• Sign-Up Bonus: Get a $200 bonus when you use the card for $500 in purchases in your first three months. 
  • Grocery Bonus: Enjoy 5% back on up to $12,000 in grocery store purchases during your first year, excluding Target and Walmart, for a total potential bonus of $600. 
  • Cash Back: Earn 5% cash back when you make purchases in quarterly bonus categories up to $1,500 per quarter. You also get 5% back on travel purchases made through Chase Ultimate Rewards, 3% back at restaurants and drugstores and 1% back on all other purchases. 
  • Promotional Interest: The Chase Freedom Flex card comes with 0% interest for the first 15 months on balance transfers and purchases. Following the promotional period, you’ll pay between

The Chase Sapphire Preferred® card is the most generous travel rewards credit card the company offers, but there’s a tradeoff. The card comes with a annual fee. Nonetheless, the fee is easily offset with rewards if you use the card often. Here are the details of this offer:

  • Sign-Up Bonus: Get 60,000 bonus points when you spend $4,000 on purchases in the first three months. That works out to $750 in travel rewards. 
  • Statement Credit: Earn up to $50 in statement credits each account anniversary year for qualifying hotel stays you book through Chase Ultimate Rewards
  • Points: Get five points for every dollar you spend on travel purchases through Chase Ultimate Rewards. Earn three points for every dollar on dining, eligible takeout and delivery purchases, online grocery purchases and streaming services. Get two points per dollar on travel purchases you make outside of Chase Ultimate Rewards and one point per dollar on all other purchases. 
  • My Chase Plan: Break purchases of $100 or more into fixed monthly payments with zero interest. There is a fixed payment fee to consider if you take advantage of this feature.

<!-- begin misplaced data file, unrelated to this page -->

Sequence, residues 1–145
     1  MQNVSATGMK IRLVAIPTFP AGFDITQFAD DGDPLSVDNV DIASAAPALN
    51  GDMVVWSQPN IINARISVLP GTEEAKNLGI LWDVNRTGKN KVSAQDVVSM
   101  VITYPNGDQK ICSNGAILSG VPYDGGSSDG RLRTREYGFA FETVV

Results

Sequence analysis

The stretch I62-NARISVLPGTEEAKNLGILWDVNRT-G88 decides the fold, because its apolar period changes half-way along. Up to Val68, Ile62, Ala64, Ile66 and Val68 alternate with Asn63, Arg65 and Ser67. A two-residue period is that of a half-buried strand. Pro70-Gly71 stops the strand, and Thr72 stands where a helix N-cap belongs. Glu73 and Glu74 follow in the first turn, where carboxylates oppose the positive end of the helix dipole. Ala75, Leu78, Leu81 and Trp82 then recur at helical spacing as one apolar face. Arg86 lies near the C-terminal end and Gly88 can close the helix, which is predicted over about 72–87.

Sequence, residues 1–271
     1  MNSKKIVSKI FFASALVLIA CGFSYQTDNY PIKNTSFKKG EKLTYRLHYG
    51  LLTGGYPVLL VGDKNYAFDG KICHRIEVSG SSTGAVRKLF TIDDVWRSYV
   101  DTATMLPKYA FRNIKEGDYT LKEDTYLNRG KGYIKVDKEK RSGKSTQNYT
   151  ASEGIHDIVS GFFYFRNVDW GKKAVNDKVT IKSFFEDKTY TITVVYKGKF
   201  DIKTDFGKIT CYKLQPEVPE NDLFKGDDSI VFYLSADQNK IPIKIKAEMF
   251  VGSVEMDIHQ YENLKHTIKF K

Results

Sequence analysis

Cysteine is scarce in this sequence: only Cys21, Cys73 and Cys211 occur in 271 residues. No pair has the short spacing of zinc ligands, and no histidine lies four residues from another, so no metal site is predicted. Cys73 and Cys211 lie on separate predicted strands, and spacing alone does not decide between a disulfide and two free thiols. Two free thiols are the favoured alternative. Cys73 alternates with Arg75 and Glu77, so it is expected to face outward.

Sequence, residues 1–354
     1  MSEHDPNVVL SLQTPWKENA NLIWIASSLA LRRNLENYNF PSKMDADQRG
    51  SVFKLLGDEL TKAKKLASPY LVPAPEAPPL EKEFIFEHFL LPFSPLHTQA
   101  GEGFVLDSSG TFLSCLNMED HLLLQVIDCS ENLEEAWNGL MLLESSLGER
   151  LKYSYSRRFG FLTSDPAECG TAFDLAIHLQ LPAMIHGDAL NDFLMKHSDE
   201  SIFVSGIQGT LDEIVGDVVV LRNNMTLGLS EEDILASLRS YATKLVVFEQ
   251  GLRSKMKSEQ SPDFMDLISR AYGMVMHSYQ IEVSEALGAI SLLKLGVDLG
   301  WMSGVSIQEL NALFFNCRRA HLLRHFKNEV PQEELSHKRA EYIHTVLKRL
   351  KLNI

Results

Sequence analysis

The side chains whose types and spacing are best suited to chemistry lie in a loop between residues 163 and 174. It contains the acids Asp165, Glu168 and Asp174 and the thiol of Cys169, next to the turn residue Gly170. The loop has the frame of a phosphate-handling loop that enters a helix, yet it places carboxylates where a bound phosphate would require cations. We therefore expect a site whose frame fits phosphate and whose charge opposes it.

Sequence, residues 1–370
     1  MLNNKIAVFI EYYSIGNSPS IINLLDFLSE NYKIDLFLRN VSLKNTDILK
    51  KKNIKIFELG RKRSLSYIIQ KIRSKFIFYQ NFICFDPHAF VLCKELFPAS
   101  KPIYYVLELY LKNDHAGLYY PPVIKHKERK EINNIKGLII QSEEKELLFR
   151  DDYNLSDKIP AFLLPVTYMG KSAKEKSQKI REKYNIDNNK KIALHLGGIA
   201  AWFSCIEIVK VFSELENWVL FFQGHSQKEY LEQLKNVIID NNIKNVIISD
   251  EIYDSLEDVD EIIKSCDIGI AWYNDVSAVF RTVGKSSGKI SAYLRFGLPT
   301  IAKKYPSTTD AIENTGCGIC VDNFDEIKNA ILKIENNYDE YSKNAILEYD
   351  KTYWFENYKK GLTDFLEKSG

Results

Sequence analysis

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Final Take

If you’re considering opening a new credit card account, you should strongly consider offers from Chase. The cards above offer meaningful cash back or travel rewards. Before applying, take into account the credit bureau that Chase may use to pull their data from for their credit card applications as it may impact their ultimate decision.

Rates are subject to change; unless otherwise noted, rates are updated periodically. All other information on accounts is accurate as of Dec. 7, 2022. 

Editorial Note: This content is not provided by any entity covered in this article. Any opinions, analyses, reviews, ratings or recommendations expressed in this article are those of the author alone and have not been reviewed, approved or otherwise endorsed by any entity named in this article.

Our in-house research team and on-site financial experts work together to create content that’s accurate, impartial, and up to date. We fact-check every single statistic, quote and fact using trusted primary resources to make sure the information we provide is correct. You can learn more about GOBankingRates’ processes and standards in our editorial policy.

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About the Author

Joshua Rodriguez is a personal finance and investing writer with more than 10 years of experience. He is the founder of CNA Finance. His work has been featured on U.S. News & World Report, Money Talks News and several other mainstream outlets.